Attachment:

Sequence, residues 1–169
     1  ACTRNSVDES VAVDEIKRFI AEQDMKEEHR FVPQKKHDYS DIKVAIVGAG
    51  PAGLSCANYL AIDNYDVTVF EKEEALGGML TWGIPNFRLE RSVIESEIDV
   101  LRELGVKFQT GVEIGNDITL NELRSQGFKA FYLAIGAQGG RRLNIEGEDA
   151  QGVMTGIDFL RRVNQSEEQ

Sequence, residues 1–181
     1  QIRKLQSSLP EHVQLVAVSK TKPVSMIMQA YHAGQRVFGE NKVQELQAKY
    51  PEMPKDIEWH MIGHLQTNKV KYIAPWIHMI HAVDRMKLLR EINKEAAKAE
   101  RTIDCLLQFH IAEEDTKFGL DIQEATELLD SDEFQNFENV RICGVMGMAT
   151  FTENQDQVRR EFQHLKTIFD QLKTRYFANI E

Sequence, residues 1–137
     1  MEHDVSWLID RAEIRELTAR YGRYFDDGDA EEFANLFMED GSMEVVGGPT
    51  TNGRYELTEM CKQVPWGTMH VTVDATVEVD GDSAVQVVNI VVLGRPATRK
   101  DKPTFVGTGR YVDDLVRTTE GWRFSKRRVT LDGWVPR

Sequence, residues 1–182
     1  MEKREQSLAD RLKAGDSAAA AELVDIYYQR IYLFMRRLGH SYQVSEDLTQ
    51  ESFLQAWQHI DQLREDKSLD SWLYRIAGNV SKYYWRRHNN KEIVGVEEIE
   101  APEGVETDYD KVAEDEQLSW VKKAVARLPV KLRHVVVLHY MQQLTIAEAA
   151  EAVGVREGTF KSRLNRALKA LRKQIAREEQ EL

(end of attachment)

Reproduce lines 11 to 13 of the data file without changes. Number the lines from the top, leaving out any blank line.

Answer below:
Sequence, residues 1–137
     1  MEHDVSWLID RAEIRELTAR YGRYFDDGDA EEFANLFMED GSMEVVGGPT
    51  TNGRYELTEM CKQVPWGTMH VTVDATVEVD GDSAVQVVNI VVLGRPATRK